Moving from reactive to predictive marketing: Three steps from Brandwatch to get your data analysis on track

James has a passion for how technologies influence business and has several Mobile World Congress events under his belt. James has interviewed a variety of leading figures in his career, from former Mafia boss Michael Franzese, to Steve Wozniak, and Jean Michel Jarre. James can be found tweeting at @James_T_Bourne.

DMWF How can marketers be more predictive, rather than reactive? It is a question which makes B2B life so rich – and marketing software providers so much richer.

Today’s marketing professional has a near embarrassment of riches to choose to put in their arsenal; dashboards filled to the brim with insights, analytics to deploy wherever and whenever; social monitoring tools to spot opportunities – or threats – lurking beneath the surface. Yet it’s not about the size of your toolkit or how big your data is: it’s what you do with it that truly counts.

Brandwatch has long been regarded as a leader in the fields of consumer intelligence, market research and social listening, as an ‘all-in-one’ offering. Chief marketing officer Will McInnes told this publication last year, following the merger with fellow software provider Crimson Hexagon, that the company was ‘literally on the cusp of changing the industry again.’ “No-one else has this combination of technologies that we now have,” he added.

Kevin Virsolvy, Brandwatch senior director international of marketing and demand generation, joined the company through the Crimson Hexagon merger. He puts the challenges across simply. “Organisations are looking beyond social listening,” he tells MarketingTech. “They need to gather information from a variety of digital sources and combine that with data science and AI to bring the voice of the consumer into each and every business-critical decision.

“Brands need to adapt and evolve into digital consumer intelligence,” he adds. “Consumers have more access than ever before to information that brands have little control over. They also know the single most important fact in business: what they want.”

This is an important point to consider. If there was ever a time when brands held all the aces, that way of thinking has certainly moved into the land time forgot. Consumers can now research to an almost obsessive degree. They can go all-in on their expectations being sky-high. If your content, user experience or advertising turns out to be a pair of twos, then expect prospective customers to trump your hand by going to a competitor.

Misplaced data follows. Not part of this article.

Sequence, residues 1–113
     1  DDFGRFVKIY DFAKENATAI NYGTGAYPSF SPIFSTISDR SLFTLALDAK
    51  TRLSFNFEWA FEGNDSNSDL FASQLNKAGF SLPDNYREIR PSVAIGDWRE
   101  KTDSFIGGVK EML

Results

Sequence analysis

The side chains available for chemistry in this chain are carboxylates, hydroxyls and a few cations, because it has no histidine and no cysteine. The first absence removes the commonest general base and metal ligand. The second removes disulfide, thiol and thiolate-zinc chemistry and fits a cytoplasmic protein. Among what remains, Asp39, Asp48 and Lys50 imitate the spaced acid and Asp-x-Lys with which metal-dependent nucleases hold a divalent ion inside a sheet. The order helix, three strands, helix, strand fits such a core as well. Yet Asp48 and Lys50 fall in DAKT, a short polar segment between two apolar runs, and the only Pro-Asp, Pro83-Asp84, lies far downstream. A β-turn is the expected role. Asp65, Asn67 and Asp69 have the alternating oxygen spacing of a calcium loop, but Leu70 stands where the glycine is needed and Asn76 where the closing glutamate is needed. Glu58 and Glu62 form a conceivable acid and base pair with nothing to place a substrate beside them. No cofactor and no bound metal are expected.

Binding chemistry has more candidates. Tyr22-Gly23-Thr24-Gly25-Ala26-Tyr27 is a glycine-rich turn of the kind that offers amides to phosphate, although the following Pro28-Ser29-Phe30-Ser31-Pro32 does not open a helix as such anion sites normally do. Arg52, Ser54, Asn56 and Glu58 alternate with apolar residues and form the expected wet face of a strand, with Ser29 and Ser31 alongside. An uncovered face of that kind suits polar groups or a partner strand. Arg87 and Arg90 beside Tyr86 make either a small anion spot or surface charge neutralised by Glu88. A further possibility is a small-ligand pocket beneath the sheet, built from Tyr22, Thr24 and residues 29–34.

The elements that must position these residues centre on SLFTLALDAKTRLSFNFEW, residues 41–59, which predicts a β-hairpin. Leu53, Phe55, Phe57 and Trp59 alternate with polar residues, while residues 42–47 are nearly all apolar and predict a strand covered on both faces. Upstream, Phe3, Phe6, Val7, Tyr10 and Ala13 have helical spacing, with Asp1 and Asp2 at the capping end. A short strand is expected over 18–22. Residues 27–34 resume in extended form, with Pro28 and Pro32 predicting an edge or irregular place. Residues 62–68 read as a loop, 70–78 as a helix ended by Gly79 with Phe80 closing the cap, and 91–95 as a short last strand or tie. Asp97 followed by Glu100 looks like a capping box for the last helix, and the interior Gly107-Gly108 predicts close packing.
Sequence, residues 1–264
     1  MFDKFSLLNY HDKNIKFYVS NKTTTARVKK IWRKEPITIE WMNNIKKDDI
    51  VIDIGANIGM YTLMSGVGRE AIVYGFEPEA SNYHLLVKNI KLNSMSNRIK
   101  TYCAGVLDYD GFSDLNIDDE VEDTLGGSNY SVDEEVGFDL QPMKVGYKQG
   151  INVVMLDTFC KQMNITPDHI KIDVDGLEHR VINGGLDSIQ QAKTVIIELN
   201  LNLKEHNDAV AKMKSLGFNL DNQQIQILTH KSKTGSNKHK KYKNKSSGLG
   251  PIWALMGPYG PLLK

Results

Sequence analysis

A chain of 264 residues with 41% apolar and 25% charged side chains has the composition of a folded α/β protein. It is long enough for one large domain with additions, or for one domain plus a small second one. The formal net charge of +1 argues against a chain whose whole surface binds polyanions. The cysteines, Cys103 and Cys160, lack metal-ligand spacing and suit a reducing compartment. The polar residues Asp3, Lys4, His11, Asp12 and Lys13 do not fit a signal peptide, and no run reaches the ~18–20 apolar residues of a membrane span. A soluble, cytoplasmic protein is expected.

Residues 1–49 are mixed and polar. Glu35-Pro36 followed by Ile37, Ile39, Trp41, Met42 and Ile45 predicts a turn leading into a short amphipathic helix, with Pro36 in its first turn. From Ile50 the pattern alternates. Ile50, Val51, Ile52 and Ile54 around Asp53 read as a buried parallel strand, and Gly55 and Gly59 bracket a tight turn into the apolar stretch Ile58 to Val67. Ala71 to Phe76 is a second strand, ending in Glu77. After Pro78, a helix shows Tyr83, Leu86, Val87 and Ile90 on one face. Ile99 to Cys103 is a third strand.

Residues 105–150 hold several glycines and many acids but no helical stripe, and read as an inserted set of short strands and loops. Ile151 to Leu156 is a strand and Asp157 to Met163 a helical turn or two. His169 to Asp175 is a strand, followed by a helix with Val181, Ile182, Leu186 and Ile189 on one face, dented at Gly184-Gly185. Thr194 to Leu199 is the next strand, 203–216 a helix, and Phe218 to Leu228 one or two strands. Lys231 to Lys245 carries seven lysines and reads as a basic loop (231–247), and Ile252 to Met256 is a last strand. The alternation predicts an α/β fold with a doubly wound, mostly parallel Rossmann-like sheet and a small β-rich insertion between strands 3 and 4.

So what specific mistakes are marketing teams making with regard to social- and data-driven analysis, and how can they be rectified? Step one: don’t sit on your data and let all the opportunities for insight bleed away. “Not using digital consumer intelligence (DCI) or social listening data to drive an organisation’s decision making can be detrimental,” says Virsolvy. “It means the business is disconnected from its consumers, which isn’t where anyone wants to be.”

Step two: don’t collect data just for the sake of it. What’s more, don’t think social is the cure for all ills; combine social with survey data, search data, or internal customer platforms. “You need to make sure your house is in order when it comes to data,” Virsolvy adds. “Getting data is not difficult, but collecting meaningful data and generating actionable insights is the key piece of work that will make a difference.

“You need to be able to trust your data and, in order to do that, you need to ensure that you trust the solution you’re using.”

Step three: set your goals and decide on your use case. Are you trying to get more insight into how customers feel about your brand? Or are you focusing more on conversions? “Once your goal is defined, you can play around with the platform to get a more accurate view of what you are trying to achieve,” says Virsolvy. “At the end of the day, when we listen to our audience, we can respond to their needs more effectively.”

This is where Brandwatch’s expertise comes in. “Gathering information from solicited and unsolicited data sources can help organisations position themselves and their offerings more accurately,” Virsolvy adds. “Through mergers, acquisitions and partnerships, Brandwatch has developed a selection of solutions to adapt to the needs of modern businesses.

“By filtering out the noise, putting the time in to studying key regions, and blending social data with other sources, organisations can mature into DCI and reap the rewards.”

To continue the poker theme, being a predictive – rather than a reactive – marketer means you’re going into every hand having already seen the flop. As marketers continue to hunt for paths to ROI, the value of a trusted martech product which offers a Swiss Army knife of capabilities has never been greater.

At DMWF Virtual, on September 16, Brandwatch will be asking the question: how do we navigate the nuances of consumer behaviour in unpredictable times? Research consultant Taylor Dickson and research analyst Naomi Morrice will explore how to ‘find the needle in the data haystack’, as well as providing tips on understand consumers’ motives and how it drives action.

Find out more about the session here.

Photo by Mike Szczepanski on Unsplash

Interested in hearing leading global brands discuss subjects like this in person?

Find out more about Digital Marketing World Forum (#DMWF) Europe, London, North America, and Singapore.  

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